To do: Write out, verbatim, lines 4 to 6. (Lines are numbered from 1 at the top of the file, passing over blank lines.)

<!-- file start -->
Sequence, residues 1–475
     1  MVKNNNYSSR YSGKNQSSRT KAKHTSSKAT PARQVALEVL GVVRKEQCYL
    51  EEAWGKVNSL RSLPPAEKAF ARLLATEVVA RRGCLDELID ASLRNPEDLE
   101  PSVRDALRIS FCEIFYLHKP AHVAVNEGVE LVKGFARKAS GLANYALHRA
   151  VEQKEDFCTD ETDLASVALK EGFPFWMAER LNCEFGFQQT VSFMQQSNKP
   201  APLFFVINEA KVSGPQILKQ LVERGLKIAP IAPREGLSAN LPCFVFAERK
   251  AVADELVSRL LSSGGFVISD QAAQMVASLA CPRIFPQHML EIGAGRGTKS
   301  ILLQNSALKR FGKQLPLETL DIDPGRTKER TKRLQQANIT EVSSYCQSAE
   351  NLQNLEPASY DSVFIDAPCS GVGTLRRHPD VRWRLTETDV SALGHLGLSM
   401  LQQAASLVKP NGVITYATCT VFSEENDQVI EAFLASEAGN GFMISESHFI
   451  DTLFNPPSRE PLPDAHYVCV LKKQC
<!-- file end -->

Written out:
   101  PSVRDALRIS FCEIFYLHKP AHVAVNEGVE LVKGFARKAS GLANYALHRA
   151  VEQKEDFCTD ETDLASVALK EGFPFWMAER LNCEFGFQQT VSFMQQSNKP
   201  APLFFVINEA KVSGPQILKQ LVERGLKIAP IAPREGLSAN LPCFVFAERK